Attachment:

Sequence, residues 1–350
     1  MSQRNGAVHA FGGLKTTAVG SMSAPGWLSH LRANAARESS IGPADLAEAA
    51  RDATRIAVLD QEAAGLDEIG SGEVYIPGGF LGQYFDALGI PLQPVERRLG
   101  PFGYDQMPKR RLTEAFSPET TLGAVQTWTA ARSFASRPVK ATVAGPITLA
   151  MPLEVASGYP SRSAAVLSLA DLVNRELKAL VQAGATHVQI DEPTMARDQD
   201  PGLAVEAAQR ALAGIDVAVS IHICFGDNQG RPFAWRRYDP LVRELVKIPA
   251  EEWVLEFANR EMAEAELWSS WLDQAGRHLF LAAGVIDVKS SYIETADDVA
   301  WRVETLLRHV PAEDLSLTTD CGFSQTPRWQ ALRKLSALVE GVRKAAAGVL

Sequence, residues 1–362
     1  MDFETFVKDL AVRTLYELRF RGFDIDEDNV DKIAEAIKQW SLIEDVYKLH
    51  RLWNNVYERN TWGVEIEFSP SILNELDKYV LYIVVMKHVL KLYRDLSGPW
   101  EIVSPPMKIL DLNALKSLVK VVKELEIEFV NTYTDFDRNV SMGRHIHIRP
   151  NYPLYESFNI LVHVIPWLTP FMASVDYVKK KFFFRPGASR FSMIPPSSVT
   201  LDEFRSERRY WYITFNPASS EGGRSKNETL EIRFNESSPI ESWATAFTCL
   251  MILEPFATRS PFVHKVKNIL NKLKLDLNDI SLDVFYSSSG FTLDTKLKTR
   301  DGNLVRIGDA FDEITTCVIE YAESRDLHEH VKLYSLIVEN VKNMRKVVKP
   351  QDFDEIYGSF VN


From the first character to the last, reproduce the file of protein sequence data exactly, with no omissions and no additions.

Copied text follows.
Sequence, residues 1–350
     1  MSQRNGAVHA FGGLKTTAVG SMSAPGWLSH LRANAARESS IGPADLAEAA
    51  RDATRIAVLD QEAAGLDEIG SGEVYIPGGF LGQYFDALGI PLQPVERRLG
   101  PFGYDQMPKR RLTEAFSPET TLGAVQTWTA ARSFASRPVK ATVAGPITLA
   151  MPLEVASGYP SRSAAVLSLA DLVNRELKAL VQAGATHVQI DEPTMARDQD
   201  PGLAVEAAQR ALAGIDVAVS IHICFGDNQG RPFAWRRYDP LVRELVKIPA
   251  EEWVLEFANR EMAEAELWSS WLDQAGRHLF LAAGVIDVKS SYIETADDVA
   301  WRVETLLRHV PAEDLSLTTD CGFSQTPRWQ ALRKLSALVE GVRKAAAGVL

Sequence, residues 1–362
     1  MDFETFVKDL AVRTLYELRF RGFDIDEDNV DKIAEAIKQW SLIEDVYKLH
    51  RLWNNVYERN TWGVEIEFSP SILNELDKYV LYIVVMKHVL KLYRDLSGPW
   101  EIVSPPMKIL DLNALKSLVK VVKELEIEFV NTYTDFDRNV SMGRHIHIRP
   151  NYPLYESFNI LVHVIPWLTP FMASVDYVKK KFFFRPGASR FSMIPPSSVT
   201  LDEFRSERRY WYITFNPASS EGGRSKNETL EIRFNESSPI ESWATAFTCL
   251  MILEPFATRS PFVHKVKNIL NKLKLDLNDI SLDVFYSSSG FTLDTKLKTR
   301  DGNLVRIGDA FDEITTCVIE YAESRDLHEH VKLYSLIVEN VKNMRKVVKP
   351  QDFDEIYGSF VN